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Anybody rode a 120liter good jiber?
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johnl



Joined: 05 Jun 1994
Posts: 1182
Location: Hood River OR

PostPosted: Mon Oct 08, 2012 6:40 pm    Post subject: Reply with quote

My choice would be a Naish Freestyle board at 115 liters. Great for learning (or perfecting) the carve jibe. Down side is rough ride in chop, but it planes through a lot of stuff. It's my low wind board (5.2 maybe to 6.2 for 180pound sailor) to work on old school freestyle moves. And you need the board to plane through jibes to work on those.....

So if you live/sail in small to moderate chop, it's a great choice....
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zirtaeb



Joined: 03 Jul 2009
Posts: 2402

PostPosted: Mon Oct 08, 2012 7:33 pm    Post subject: Reply with quote

Interesting choice, a pure freestyle board, of the correct volume, for learning or perfecting jibes.
Forward inboard straps favor it.
Limited topspeeds also favor jibing.
Wide templates and curvy outline, coupled with track well back favors smaller sails.
Light board weight is responsive and fun, but as said, can be bouncy.
Might be a very good choice.
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isobars



Joined: 12 Dec 1999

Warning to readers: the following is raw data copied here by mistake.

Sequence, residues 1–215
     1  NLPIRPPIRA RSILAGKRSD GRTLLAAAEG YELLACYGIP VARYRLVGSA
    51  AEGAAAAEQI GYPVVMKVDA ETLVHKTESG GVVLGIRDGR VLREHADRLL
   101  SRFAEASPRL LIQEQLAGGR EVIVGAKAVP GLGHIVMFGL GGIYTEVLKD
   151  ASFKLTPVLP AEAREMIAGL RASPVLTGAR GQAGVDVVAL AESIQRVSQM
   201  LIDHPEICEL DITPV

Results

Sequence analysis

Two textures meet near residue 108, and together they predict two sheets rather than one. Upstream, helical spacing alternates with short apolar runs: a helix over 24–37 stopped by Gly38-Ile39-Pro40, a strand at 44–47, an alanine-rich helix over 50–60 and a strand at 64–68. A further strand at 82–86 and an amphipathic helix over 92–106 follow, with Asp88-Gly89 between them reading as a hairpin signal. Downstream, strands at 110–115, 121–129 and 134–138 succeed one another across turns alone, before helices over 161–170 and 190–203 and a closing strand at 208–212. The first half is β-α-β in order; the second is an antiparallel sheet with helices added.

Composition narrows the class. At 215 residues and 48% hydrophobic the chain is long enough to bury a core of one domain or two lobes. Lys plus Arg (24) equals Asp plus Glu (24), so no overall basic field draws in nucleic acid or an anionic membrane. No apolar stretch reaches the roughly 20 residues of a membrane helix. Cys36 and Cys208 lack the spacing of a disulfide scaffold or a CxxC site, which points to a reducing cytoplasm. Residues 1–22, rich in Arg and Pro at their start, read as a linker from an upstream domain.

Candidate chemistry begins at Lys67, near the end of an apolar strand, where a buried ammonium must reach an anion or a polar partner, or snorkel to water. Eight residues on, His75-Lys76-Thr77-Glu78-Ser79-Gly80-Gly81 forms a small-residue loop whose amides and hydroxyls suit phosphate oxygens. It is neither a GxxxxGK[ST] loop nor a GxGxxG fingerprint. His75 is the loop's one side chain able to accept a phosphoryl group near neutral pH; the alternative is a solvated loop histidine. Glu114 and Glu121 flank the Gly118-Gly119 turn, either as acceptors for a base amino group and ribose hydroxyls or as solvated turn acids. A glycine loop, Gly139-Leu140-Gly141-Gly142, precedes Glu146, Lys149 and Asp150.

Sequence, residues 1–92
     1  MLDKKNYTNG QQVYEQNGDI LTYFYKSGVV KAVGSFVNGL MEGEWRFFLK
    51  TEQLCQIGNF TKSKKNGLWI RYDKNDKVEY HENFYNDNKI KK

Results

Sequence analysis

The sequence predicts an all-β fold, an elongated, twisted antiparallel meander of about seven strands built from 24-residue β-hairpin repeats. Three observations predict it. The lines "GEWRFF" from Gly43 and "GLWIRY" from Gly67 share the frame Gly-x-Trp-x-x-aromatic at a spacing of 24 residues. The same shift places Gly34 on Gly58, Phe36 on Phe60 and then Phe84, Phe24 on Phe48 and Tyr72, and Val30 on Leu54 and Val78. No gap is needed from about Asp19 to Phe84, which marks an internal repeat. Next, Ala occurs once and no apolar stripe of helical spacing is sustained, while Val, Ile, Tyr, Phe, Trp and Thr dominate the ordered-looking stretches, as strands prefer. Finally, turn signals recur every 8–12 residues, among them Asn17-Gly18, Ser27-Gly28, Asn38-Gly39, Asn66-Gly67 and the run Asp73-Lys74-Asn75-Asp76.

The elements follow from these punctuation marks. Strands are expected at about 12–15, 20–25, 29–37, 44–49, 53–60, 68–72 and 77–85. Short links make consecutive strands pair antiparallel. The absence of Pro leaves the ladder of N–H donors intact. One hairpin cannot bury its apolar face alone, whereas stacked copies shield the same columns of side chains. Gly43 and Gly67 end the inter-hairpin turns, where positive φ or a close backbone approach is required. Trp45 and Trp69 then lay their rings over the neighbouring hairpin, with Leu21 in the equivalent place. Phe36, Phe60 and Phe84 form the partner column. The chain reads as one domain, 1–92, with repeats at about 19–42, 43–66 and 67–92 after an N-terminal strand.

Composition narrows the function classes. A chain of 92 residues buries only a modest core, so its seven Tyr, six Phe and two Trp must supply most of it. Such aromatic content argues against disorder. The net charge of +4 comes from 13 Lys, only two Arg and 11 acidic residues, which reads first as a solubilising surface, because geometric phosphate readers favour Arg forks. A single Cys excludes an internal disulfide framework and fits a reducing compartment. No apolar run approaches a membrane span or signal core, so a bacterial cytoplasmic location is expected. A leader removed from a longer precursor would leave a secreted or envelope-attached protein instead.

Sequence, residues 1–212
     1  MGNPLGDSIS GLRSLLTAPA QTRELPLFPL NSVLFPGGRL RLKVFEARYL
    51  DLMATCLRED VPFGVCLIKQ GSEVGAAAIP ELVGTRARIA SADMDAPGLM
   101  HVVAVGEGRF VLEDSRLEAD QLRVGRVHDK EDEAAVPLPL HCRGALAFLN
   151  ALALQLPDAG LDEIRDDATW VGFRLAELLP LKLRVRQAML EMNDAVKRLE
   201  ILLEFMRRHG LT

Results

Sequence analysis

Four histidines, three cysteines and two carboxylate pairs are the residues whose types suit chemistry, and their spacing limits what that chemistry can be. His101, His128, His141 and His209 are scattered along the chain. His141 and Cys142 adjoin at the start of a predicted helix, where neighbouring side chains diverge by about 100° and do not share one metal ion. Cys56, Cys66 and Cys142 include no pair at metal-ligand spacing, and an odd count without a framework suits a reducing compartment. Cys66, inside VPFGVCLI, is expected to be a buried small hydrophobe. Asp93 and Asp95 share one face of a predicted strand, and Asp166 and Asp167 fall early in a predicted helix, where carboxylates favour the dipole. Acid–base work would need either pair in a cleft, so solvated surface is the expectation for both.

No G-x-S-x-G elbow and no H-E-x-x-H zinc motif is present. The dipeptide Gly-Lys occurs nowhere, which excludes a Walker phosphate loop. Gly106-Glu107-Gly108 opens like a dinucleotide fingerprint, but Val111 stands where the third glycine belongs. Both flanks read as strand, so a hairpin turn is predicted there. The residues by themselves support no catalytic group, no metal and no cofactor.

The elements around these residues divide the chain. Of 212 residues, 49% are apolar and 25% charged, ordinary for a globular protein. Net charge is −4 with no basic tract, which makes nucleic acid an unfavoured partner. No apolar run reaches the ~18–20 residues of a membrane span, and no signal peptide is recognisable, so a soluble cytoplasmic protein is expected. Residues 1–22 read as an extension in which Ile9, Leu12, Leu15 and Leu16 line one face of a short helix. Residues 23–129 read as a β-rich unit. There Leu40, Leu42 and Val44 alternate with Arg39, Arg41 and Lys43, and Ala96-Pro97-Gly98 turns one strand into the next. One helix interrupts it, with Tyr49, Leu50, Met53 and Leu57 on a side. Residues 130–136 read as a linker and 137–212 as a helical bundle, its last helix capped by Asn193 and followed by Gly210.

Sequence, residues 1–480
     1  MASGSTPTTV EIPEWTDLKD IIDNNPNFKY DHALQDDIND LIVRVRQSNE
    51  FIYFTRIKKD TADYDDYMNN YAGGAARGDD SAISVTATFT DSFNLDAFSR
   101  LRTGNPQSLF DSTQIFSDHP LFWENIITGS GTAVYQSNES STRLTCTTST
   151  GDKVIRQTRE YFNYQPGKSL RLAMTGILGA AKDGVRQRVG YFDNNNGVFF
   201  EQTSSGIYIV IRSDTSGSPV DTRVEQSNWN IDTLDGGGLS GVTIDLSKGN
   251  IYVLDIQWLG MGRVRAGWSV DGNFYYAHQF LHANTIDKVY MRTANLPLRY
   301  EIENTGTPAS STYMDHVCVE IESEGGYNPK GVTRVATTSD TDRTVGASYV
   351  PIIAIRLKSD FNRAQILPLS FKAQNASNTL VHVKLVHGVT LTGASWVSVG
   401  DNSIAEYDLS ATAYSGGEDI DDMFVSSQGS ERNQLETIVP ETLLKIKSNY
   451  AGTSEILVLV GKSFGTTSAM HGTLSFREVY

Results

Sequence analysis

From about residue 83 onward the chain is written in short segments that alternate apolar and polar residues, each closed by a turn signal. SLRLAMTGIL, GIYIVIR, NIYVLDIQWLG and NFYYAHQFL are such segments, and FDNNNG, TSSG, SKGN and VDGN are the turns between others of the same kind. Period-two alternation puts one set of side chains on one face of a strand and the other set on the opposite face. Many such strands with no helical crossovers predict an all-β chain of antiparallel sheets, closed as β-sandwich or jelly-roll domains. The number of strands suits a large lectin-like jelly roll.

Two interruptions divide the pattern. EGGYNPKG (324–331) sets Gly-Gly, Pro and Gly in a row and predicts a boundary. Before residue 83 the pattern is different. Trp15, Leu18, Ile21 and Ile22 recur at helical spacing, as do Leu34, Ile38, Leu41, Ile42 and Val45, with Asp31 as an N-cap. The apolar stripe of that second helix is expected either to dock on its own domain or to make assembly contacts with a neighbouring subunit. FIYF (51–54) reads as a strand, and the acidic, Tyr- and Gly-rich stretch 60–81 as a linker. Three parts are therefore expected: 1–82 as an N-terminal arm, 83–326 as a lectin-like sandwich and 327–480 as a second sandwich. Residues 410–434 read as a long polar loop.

Posts: 14311

PostPosted: Mon Oct 08, 2012 8:08 pm    Post subject: Reply with quote

Johnl does freestyle, so he benefits from his, but the bouncy part, for which freestyle boards are absolutely notorious, would be a total deal-breaker for me. A bud got to be an impressive freestyler on his FS board, but he whined abut its extremely rough ride the whole time, even to potential buyers when he spent years trying to sell it. I'll never forget a guy who was told by our local guru that he should buy pure race gear -- hard as a rock sails with cams out the wazoo and razor-railed, pounding, fragile, 1990-ish race boards with big straight fins -- just to learn how to windsurf. Niche boards are fine within their limitations, but those limits are important. IMO, The OP REALLY should test drive a FS board on a choppy day before even considering buying one just because they jibe easily.

That's where swaps are great. I consider resale value when I buy swap meet boards I'm not sure of, and overall have sold the ones I didn't keep for a profit ... well-earned by the thorough reconditioning and improvements I give them and my honest assessment of their performance and condition. Raiding swap meets for treasures is what got me started on hoarding the best wave boards I can find, and it changed my sailing life for the better.
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zirtaeb



Joined: 03 Jul 2009
Posts: 2402

PostPosted: Mon Oct 08, 2012 8:15 pm    Post subject: Reply with quote

I doubt we can reco wave boards in this case because so few exist, and most need some wind. OP might not be in an area with lots of wind.
Most knowledgeable sailors would say a FSW, anything newer than 2002, or around then, is good turning, relatively smooth, fast enough, planes up enough, to be used as a main salling board.